For all of these reasons, we conclude that a valid conditional guilty plea preserves for appellate review only case-dispositive pretrial issues. The rule we adopt is a safeguard against unnecessary appellate litigation and inadequate appellate review. It is also a protection against superfluous proceedings in the district courts. Since the parties likely will be less energetic about protecting the interests of the judicial branch, we believe it is the duty of the district court in the first instance "to ensure that the defendant reserves only issues that can adequately be reviewed without a full trial record, resolution of which by this court would dispose of the case." Id. at 1073; see also Yasak, 884 F.2d at 999 ("Even if the government assents to a conditional plea . . . a court need not accept the plea unless assured that the decision of the court of appeals will dispose of the case."). Criminal defendants have no right to enter a conditional plea, see Bell, 966 F.2d at 916; United States v. Davis, 900 F.2d 1524, 1527 (10th Cir. 1990), and a district court may reject such a plea for any reason or no reason at all, White, 366 F.3d at 302; Bell, 966 F.2d at 916; Yasak, 884 F.2d at 999. A district court should reject any conditional guilty plea that purports to preserve for appellate review pretrial issues that, in the district court's own judgment, are not fully case-dispositive.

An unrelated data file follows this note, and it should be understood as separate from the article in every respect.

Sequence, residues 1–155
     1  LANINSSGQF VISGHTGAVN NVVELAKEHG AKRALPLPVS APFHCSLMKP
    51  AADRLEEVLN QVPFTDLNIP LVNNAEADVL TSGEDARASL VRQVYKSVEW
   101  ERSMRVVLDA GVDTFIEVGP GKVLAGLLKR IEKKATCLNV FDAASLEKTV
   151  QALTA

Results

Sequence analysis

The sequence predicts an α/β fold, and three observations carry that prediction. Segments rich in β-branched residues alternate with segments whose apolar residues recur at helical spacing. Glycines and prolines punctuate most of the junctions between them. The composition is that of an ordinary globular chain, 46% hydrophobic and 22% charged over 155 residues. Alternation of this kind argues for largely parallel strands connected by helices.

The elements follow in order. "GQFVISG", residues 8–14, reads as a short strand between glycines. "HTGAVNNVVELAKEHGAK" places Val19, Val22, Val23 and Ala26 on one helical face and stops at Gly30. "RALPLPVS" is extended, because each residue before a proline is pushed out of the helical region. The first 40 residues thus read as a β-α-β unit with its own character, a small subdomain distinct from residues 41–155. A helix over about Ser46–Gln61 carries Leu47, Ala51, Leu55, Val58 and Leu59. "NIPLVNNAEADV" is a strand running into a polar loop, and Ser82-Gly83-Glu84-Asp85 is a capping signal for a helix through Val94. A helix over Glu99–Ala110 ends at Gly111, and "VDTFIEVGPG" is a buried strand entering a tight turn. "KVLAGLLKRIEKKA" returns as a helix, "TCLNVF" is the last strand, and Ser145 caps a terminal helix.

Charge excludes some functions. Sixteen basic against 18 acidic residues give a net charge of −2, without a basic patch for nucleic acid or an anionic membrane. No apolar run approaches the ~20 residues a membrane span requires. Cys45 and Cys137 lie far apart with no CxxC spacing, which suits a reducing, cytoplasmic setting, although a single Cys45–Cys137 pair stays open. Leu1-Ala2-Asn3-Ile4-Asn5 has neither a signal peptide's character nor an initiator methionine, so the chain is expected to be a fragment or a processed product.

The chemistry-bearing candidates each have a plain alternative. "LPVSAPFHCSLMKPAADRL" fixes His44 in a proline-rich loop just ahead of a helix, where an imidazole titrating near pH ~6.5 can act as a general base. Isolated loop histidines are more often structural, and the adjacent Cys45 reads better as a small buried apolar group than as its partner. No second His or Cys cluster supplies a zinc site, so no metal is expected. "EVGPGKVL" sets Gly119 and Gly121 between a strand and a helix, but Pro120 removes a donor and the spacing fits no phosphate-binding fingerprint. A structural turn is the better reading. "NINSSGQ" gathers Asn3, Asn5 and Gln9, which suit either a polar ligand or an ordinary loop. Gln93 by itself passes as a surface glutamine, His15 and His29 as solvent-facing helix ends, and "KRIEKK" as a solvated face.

The disposition of a pretrial issue is case-dispositive if (1) a ruling in the defendant's favor would require dismissal of the charges or suppression of essential evidence, or (2) a ruling in the Government's favor would require affirming the conviction. See Fed.R.Crim.P. 11 advisory committee note. In short, there should be no trial after the specified issues are resolved by the court of appeals. Neither the defendant nor the Government should be able to prolong proceedings in the district court after obtaining a favorable outcome on appeal. See Bentz, 21 F.3d at 42 (rejecting the Government's request for a remand to expand the record after the defendant prevailed on appeal pursuant to a conditional plea). In determining whether a particular pretrial issue is case-dispositive, the district court should give considerable weight to the Government's assessment of the case. See Burns, 684 F.2d at 1073; Fed.R.Crim.P. 11 advisory committee note (noting that "[t]he government is in a unique position to determine whether the matter at issue would be case-dispositive"). With respect to a pre-trial ruling on a motion to suppress, for example, the Government is best positioned to know what effect suppression of certain evidence would have on the case. Yet the ultimate decision belongs to the district court, and it need not accept the Government's position as a matter of course. The question for the district court is whether the court of appeals' resolution of the issue specified in the plea would end the case one way or the other.
Of course, any defendant who disagrees with the Government's or the district court's assessment of the degree to which a particular issue is case-dispositive may reserve his right to appeal that issue by pleading not guilty and proceeding to trial. See Burns, 684 F.2d at 1073.